1. Can you give us a bit of background on yourself and where your interest in Literature came from?
I grew up in Nigeria where I completed my undergraduate education. My interest in literature came from studying Chinua Achebe’s Things Fall Apart in my freshman year in College. I was drawn to the familiarity of the world of this novel which reflected some of the Igbo cultural practices I see my father and other members of his generation perform. I was drawn to our class discussion on the role of literature in understanding Africa’s place in the world, what I would later learn the postcolonial thinker Edward Said called the worldliness of texts. Having inspiring professors who were passionate about their subject also helped.
2. What made you want to come to graduate school in America?
Frankly, I think of it as America choosing me. Although I encountered America in books, I didn’t think of studying here, primarily because of the cost for international students. This changed when I met a Nigerian-born professor who teaches in the US while he was visiting our campus. He mentioned scholarship opportunities and the other resources available for graduate work in America. That was how I came here.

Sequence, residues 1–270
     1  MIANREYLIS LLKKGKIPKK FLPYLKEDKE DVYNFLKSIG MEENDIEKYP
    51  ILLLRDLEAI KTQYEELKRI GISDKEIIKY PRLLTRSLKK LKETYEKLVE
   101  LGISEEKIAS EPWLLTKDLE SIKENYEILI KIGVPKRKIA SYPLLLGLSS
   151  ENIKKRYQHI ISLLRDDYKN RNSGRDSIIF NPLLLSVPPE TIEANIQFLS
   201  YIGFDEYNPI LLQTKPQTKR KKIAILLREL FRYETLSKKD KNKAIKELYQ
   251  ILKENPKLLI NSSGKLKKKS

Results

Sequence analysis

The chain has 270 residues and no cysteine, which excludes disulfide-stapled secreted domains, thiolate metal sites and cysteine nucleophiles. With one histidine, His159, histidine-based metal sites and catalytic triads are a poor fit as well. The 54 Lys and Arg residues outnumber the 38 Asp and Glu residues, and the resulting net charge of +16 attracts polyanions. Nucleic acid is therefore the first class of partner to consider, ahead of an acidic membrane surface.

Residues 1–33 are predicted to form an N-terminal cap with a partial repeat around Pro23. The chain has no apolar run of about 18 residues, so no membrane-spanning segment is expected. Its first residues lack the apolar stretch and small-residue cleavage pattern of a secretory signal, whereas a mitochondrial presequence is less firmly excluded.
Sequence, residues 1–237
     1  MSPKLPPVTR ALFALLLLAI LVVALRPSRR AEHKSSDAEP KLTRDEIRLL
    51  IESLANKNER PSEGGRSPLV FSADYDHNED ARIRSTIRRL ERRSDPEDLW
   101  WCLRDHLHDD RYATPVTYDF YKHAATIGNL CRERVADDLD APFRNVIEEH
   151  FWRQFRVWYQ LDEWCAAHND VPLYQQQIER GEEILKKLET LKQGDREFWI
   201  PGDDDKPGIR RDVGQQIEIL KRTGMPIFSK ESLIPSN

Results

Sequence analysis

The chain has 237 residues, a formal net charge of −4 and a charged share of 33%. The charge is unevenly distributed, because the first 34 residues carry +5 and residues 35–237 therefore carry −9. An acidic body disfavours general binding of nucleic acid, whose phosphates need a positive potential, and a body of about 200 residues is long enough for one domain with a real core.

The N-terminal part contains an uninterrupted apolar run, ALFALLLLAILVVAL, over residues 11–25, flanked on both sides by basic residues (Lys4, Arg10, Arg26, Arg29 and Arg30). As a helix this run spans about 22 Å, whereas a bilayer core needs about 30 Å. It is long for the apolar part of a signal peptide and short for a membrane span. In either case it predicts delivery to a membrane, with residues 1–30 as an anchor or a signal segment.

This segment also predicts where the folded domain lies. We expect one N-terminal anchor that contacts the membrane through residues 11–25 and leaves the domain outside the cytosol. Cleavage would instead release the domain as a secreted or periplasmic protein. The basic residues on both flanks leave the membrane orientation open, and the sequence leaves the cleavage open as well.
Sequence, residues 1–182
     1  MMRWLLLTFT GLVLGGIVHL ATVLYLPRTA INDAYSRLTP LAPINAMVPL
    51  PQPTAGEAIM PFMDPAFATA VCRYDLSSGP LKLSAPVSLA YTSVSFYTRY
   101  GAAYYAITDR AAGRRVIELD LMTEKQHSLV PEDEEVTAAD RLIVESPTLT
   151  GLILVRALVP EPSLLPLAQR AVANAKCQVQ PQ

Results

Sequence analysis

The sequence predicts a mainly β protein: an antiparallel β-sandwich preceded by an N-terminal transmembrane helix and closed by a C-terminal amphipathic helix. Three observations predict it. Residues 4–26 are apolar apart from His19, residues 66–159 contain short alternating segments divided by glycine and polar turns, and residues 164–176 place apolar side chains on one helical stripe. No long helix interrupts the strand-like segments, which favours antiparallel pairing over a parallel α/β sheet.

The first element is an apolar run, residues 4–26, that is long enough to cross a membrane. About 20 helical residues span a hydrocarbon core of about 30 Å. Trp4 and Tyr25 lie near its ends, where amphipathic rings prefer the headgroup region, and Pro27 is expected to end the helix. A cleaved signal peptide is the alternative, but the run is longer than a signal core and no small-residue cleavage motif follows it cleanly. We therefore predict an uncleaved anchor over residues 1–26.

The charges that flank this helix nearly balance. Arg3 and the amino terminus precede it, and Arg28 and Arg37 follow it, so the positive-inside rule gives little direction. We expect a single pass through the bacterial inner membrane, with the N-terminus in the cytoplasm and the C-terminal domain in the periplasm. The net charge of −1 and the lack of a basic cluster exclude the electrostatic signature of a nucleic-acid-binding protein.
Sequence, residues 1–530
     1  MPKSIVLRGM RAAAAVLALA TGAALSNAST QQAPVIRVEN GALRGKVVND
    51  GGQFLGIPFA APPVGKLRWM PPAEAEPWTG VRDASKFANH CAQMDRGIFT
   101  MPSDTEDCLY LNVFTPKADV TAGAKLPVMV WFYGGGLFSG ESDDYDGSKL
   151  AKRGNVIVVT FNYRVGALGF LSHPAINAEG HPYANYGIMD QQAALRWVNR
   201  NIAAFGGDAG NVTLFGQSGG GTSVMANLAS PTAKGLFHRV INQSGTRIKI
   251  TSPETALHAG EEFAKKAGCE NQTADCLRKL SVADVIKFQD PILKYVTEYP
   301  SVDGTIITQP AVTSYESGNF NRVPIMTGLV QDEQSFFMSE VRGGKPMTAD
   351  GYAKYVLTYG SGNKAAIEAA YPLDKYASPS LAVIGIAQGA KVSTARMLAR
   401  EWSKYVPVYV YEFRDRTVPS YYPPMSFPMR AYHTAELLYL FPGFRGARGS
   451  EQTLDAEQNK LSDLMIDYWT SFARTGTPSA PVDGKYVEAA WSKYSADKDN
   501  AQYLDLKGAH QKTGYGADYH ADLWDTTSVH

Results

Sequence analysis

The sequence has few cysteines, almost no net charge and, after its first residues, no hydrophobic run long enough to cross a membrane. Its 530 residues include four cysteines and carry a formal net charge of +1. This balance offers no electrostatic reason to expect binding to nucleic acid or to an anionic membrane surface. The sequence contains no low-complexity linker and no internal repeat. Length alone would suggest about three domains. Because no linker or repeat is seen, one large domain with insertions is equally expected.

3. Who is your favorite African author and why? Have they influenced your work/research?
This is a difficult question as different writers do different things for me. I am drawn to Achebe’s fiction for the way he unravels the unraveling of African societies during the colonial contact. I do love Chimamanda Adichie’s telling of the Nigeria-Biafra war in Half of a Yellow Sun as well. These writers narrate tragedy in a beautiful, affecting way.
4. Do you prefer to lecture on World Literature or African American Literature?
I love teaching all kinds of literature, but my favorite will be literature of Africa and those of African descendants in the Americas. African and African diasporic literatures appeal to me with the ways they encapsulate black subjectivity
5. Is there anything you are currently working on that you are really excited about/cannot wait to publish?
I am working on different things but particularly excited about my forthcoming monograph on the portrayals of ecological issues in African literature. The book, currently in production, is due from Cambridge University Press in 2018. I am excited to see Naturalizing Africa make its way in the world.